Jaspan Schlesinger Defeats Appeal Challenging Withdrawal of Defense and Indemnification
Date: November 19th, 2013
Location:Garden City, New York
On November 19, 2013, the New York State Court of Appeals affirmed the dismissal of two article 78 petitions brought by several current and former officers of the Village of Freeport against the Village, its Board of Trustees, the current Village Attorney and the Village’s Claims Administrator.
In or about 2008, two plaintiffs commenced a civil lawsuit against, among others, the Village and the officers alleging Civil RICO (Racketeer Influenced and Corrupt Organization Act) violations, conspiracy claims, civil rights violations and fraud, and demanded $8,500,000 in damages, plus treble damages and attorney’s fees. At that time, the Board adopted a resolution which authorized the Village to defend and indemnify the officers pursuant to N.Y. Public Officers Law §18. The officers’ defense and indemnification was statutorily conditioned on, among other things, their full cooperation in the defense of the action. A settlement was ultimately negotiated which would have resulted in the dismissal of plaintiffs’ claims against the officers without any monetary payment or any admission of wrongdoing by them. In exchange, the plaintiffs requested that the officers agree not to criticize the very settlement of which they were receiving the benefit ("Non-Disparagement Clause”). After many attempts by the Village to convince them to cooperate, the officers refused to accept the settlement. The Board subsequently voted to withdraw the officers’ defense and indemnification based on their failure to cooperate in settling the lawsuit.
In 2010, two separate groups of the officers filed petitions pursuant to Article 78 of the CPLR against the Village, the Board, the current Village Attorney and the Village’s Claims Administrator. These petitions requested, in essence, that the New York State Supreme Court order the Village to reinstate their defense and indemnification. The Supreme Court dismissed the petitions, finding that the Village had properly withdrawn the officers’ defense and indemnification based upon their failure to cooperate. On appeal, the Appellate Division, Second Department affirmed the Order of the Supreme Court. The officers then appealed to the New York State Court of Appeals as of right on constitutional grounds, alleging that the Village’s withdrawal of their defense and indemnification based upon their refusal to agree to the Non-Disparagement Clause violated their First Amendment rights.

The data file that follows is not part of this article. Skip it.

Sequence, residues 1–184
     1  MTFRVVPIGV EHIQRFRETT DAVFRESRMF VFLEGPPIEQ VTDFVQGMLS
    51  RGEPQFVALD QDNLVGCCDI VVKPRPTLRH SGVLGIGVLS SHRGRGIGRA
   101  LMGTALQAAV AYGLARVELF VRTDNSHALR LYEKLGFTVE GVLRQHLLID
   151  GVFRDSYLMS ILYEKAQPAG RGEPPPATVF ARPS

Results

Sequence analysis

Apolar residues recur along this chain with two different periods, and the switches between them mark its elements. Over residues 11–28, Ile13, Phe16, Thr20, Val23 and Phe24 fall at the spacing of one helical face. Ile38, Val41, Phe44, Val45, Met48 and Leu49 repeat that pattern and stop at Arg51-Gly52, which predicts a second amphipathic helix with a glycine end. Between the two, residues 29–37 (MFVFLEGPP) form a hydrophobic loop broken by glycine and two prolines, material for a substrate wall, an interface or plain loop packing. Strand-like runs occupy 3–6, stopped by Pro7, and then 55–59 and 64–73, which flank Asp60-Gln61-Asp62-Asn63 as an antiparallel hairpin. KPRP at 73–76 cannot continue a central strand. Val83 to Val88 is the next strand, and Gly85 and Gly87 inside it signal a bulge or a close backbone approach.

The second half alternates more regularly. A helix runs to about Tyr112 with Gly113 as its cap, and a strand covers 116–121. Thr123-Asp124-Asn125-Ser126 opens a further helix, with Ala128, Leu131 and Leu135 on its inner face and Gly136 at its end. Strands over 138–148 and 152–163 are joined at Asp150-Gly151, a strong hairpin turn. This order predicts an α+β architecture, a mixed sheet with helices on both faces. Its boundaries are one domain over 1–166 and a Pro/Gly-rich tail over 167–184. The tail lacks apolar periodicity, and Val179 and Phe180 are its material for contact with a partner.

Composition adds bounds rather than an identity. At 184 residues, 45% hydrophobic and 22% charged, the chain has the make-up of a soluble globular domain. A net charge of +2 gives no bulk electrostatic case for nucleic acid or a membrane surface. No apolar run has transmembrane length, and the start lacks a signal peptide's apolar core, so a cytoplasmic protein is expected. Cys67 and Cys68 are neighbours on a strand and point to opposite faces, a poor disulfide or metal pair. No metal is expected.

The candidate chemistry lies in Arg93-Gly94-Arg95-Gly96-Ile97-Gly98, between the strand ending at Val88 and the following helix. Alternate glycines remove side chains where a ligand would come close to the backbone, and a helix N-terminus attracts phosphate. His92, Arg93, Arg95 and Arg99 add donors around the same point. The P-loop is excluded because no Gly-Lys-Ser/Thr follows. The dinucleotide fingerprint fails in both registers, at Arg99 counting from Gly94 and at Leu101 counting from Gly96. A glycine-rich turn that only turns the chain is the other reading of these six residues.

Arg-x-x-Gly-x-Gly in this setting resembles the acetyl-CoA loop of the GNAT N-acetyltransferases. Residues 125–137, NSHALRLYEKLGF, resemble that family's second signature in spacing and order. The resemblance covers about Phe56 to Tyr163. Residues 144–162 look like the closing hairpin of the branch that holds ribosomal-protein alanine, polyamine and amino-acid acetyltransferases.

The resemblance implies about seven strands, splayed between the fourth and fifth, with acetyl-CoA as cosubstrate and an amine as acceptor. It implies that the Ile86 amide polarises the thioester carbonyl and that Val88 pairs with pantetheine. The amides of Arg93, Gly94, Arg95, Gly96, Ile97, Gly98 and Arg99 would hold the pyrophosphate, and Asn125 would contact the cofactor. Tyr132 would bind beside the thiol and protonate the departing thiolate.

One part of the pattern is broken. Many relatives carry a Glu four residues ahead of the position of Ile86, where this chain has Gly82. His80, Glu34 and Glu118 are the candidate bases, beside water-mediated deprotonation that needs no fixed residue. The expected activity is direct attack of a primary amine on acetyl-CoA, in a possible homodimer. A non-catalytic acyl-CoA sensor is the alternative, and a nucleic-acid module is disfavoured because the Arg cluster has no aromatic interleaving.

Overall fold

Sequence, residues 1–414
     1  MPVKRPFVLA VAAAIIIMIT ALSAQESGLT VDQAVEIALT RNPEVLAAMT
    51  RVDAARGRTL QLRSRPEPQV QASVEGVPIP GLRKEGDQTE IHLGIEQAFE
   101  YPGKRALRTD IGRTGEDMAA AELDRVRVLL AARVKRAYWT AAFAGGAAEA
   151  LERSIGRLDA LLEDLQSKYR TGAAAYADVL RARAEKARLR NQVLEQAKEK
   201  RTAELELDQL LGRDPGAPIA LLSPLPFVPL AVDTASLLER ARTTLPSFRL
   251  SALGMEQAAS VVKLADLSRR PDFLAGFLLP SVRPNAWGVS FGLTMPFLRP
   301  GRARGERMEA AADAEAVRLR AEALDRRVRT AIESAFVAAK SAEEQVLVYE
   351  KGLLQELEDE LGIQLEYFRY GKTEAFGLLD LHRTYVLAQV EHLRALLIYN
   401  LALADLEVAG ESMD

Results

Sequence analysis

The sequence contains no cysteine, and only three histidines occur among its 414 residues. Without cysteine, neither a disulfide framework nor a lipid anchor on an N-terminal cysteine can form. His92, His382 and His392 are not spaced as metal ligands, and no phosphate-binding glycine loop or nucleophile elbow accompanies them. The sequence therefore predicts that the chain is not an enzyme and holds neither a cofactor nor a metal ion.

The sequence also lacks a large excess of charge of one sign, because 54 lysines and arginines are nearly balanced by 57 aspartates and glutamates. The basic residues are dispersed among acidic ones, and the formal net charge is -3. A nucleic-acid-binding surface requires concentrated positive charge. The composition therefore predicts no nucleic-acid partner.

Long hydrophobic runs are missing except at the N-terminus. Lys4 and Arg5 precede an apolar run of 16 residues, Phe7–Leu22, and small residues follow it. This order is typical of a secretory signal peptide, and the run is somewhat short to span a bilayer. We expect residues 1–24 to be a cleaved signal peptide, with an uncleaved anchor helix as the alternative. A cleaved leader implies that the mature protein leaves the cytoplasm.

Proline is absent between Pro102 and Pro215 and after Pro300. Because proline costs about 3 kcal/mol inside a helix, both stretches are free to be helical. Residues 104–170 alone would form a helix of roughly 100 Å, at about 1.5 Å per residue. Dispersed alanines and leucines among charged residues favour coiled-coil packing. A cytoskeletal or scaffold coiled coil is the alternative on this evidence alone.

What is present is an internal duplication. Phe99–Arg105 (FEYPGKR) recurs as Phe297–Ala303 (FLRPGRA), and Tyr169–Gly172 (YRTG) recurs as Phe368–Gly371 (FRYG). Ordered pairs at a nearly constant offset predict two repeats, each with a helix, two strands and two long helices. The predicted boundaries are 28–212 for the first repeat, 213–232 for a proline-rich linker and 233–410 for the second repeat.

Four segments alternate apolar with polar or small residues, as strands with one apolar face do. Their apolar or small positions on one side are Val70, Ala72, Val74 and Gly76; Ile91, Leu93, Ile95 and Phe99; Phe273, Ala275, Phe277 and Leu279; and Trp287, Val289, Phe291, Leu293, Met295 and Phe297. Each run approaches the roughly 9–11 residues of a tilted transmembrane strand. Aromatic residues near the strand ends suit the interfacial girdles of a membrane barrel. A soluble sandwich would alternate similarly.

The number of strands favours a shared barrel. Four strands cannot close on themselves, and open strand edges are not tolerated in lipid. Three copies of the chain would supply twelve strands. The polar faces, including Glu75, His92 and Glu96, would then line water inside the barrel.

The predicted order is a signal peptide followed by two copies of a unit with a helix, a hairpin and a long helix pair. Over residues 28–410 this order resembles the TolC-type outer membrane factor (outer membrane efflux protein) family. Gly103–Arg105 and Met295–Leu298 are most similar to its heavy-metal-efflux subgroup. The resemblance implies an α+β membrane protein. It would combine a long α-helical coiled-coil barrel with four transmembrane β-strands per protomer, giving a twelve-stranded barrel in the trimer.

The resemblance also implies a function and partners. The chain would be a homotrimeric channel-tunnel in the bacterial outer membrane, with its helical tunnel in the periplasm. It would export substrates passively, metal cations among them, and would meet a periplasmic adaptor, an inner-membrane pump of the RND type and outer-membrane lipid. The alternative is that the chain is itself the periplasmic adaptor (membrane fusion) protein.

The Court of Appeals ruled in favor of the Village and, in doing so, gave finality to an issue of first impression. Specifically, the Court agreed with Jaspan Schlesinger LLP’s argument that a municipal official’s statutory duty to cooperate in the defense of a lawsuit encompasses a duty to accept a reasonable settlement offer. The Court found that it is "inconceivable that the legislature intended such a restricted meaning of the ‘cooperation’ provision [of Public Officers Law § 18] as to permit a current or former public employee to refuse a generous settlement offer and expose a municipality to potentially ruinous liability”. The Court went on to state that a ruling in favor of the officers would permit them "to dictate unilaterally, without any accountability to the taxpayers, how the Village manages public funds and litigation risk. This cannot be, and is not, the law.”
In addition, the Court of Appeals found that, despite their arguments to the contrary, the officers’ First Amendment rights had not been violated because: (1) the plaintiffs in the underlying lawsuit were private parties who "were entitled to offer settlement on whatever terms they saw fit”; (2) the Village’s purpose in warning the officers that their refusal to accept the settlement would result in the withdrawal of their defense and indemnification was designed to "end the litigation and save public funds, not to suppress speech”; and (3) the Village had not retaliated against the officers in violation of the First Amendment by withdrawing their defense and indemnification, but "simply declined to fund [their] defense after they unreasonably refused to settle.”
The Court of Appeals’ decision in this case marks a significant development in the law which will impact both municipalities and public officials.
Jaspan Schlesinger LLP Partner Stanley A. Camhi and Associates Jessica M. Baquet and Daniel E. Shapiro represented the Village, the Board, the current Village Attorney and the Village’s claims administrator in the article 78 proceeding before the Supreme Court and on appeal to the Appellate Division and to the New York State Court of Appeals.